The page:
Wednesday, May 22, 2024

Cropped 24 April 2024: Mass coral bleaching; FAO report retraction request; Escazú Agreement

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Welcome to Carbon Brief’s Cropped. 
We handpick and explain the most important stories at the intersection of climate, land, food and nature over the past fortnight.

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Mass coral bleaching event

GLOBAL EVENT: The US National Oceanic and Atmospheric Administration (NOAA) announced last week that the “world is currently experiencing a global coral bleaching event” – the fourth ever and the second this decade. “Mass bleaching” of reefs in every major ocean basin has been documented since early 2023, according to NOAA’s Coral Reef Watch. Dr Derek Manzello, the Coral Reef Watch coordinator, said: “When these events are sufficiently severe or prolonged, they can cause coral mortality, which hurts the people who depend on the coral reefs for their livelihoods.” However, death is not a foregone conclusion for bleached reefs – corals can recover if the heat stress diminishes. According to the New York Times, “scientists say it’s too soon to estimate what the extent of global mortality will be”.

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‘MAKE YOU WEEP’: In order to declare a global bleaching event, the Pacific, Atlantic and Indian Oceans must all have experienced bleaching in the past year and at least 12% of each basin’s reefs must be at temperatures that can cause bleaching, the New York Times reported. It added: “Currently, more than 54% of the world’s coral area has experienced bleaching-level heat stress in the past year.” Prof Terry Hughes, a coral-reef scientist at James Cook University in Australia, tweeted: “The extent AND severity of coral bleaching on the Great Barrier Reef in 2024 is by far the worst ever recorded.” Hughes added that the results of the surveys “would make you weep”. Australia’s ABC News reported that “the devastation couldn’t be more clear”. 

BROADER IMPACTS: ABC News noted that the widespread bleaching “is a clear reflection of the extraordinary ocean temperatures in 2023, which have been rising for decades due to the burning of fossil fuels”. The onset of El Niño also “deserve[s] the blame”, according to Prof Matt England, a physical oceanographer from the University of New South Wales, who was quoted in the article. In the Conversation, four researchers from the University of Sydney wrote that “the damage done by heat underwater goes much further” than the reefs alone. They have already noted changes in algae and water chemistry at their research station, while “mobile macroinvertebrates”, such as starfish and sea urchins, “are in widespread decline”. They added: “Much of the damage done this summer [to reef ecosystems] will take months or even years to manifest.”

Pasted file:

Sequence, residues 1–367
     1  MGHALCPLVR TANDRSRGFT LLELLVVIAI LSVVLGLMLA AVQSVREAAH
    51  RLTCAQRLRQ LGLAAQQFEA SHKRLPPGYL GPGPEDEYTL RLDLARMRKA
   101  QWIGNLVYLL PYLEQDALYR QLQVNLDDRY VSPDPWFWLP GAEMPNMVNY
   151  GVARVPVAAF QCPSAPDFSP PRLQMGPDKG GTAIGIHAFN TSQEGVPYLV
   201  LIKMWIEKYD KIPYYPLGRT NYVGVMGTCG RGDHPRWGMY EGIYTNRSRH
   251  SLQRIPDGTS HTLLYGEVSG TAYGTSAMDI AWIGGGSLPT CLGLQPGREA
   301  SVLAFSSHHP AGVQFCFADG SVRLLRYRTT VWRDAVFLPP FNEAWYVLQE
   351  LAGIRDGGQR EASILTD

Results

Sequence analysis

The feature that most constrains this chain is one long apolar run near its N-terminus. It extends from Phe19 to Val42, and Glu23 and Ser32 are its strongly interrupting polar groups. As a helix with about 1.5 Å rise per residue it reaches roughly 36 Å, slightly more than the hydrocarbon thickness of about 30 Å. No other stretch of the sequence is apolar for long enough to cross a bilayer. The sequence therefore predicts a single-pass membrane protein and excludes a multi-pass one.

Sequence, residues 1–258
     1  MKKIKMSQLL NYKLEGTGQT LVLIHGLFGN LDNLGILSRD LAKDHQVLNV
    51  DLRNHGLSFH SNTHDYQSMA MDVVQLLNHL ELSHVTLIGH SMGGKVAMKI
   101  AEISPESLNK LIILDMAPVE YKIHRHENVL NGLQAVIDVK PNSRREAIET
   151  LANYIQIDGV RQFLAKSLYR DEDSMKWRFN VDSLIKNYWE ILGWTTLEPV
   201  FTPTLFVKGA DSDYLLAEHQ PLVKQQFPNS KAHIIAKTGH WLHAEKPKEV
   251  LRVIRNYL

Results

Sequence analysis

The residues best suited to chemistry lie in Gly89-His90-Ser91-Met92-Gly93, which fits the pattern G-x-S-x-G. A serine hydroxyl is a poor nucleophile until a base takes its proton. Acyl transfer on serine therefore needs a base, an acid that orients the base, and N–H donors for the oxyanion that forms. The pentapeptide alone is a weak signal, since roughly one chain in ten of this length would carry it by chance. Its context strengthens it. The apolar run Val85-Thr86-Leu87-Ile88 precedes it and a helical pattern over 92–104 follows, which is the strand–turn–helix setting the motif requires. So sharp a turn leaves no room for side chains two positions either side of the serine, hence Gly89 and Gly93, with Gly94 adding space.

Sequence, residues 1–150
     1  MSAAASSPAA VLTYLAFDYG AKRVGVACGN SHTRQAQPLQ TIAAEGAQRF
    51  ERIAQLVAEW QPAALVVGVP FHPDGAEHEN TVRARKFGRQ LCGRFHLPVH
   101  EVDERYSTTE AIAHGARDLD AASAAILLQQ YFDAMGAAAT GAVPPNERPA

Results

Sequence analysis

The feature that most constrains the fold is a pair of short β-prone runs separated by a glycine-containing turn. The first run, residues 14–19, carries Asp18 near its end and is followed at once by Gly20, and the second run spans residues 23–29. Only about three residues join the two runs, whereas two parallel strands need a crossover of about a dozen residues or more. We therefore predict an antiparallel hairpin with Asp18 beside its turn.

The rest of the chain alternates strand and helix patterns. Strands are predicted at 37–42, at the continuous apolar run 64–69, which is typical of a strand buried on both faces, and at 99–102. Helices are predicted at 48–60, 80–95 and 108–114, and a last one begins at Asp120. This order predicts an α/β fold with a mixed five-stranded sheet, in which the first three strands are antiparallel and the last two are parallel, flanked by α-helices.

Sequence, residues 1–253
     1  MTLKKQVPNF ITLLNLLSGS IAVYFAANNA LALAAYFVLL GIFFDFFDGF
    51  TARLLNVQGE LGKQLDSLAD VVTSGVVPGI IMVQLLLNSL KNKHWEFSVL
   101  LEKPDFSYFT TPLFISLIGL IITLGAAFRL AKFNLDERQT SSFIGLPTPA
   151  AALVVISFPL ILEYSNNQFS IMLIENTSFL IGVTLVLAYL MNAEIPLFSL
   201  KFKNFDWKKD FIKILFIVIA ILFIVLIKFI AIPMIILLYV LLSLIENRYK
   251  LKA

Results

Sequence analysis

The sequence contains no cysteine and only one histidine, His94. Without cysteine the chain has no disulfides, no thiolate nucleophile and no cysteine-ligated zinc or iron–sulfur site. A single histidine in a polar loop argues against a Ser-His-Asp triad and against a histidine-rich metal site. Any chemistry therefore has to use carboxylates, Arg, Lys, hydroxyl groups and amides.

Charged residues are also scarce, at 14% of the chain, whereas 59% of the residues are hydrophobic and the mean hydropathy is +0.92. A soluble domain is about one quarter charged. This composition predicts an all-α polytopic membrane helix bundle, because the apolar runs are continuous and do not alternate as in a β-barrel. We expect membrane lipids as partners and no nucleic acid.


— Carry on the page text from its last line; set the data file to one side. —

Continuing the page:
Oceans in focus

PIVOTAL PROTECTION: The Dominican Republic has become the first Caribbean nation to designate 30% of its marine areas as protected, El País reported – expanding its protected area coverage from 10.8% to 30.8% of its territorial waters. That includes a new protected area that spans the border between the Dominican Republic and Colombia, fulfilling an agreement that the two countries signed in 2022, the Spanish-language newspaper added. This part of the ocean “functions as a pivotal region for species connectivity”, Oceanographic wrote. The magazine added that it is “both a feeding ground and travel route” for seabirds, whales and other diverse marine species. 

BOTTOM-TRAWLING BAN: Greece will ban bottom trawling – a destructive form of fishing – in its national marine parks by 2026 and in all of its marine protected areas by 2030, making it “the first country to pledge to this”, Euractiv reported. Greek prime minister Kyriakos Mitsotakis also announced two new marine national parks, increasing the country’s protected waters by 80%. Mitsotakis said: “The ocean has paid a heavy price for its service to humankind. It has been a vital source of life and livelihood. We have not been kind to it in return.” The announcement was made at the “Our Ocean” world conference in Athens.

RATIFICATION RACE: The Our Ocean conference also saw “more than 400 new commitments” of finance for ocean protection, totalling $10bn, according to Reuters. This included 40 commitments from the EU for many activities, “rang[ing] from fighting marine pollution to supporting sustainable fisheries and investments in the so-called blue economy”, the newswire added. At the conference, the EU and 13 other countries’ governments “urged nations…to prioritise the ratification” of the High Seas Treaty, Reuters said. According to the ratification tracker maintained by the High Seas Alliance, the total number of ratifications increased in April to four, with Belize and Seychelles joining early-adopters Palau and Chile. Sixty countries must ratify the agreement before it can take effect.

Latin America and the Caribbean have a new action plan for protecting environmental defenders 

In this spotlight, Carbon Brief reports on the main outcomes of the ongoing Conference of the Parties to the Escazú Agreement, established by Latin America and the Caribbean to protect environmental defenders. 

The third Conference of the Parties (COP3) to the Escazú Agreement is taking place in Santiago, Chile, from 22 to 24 April.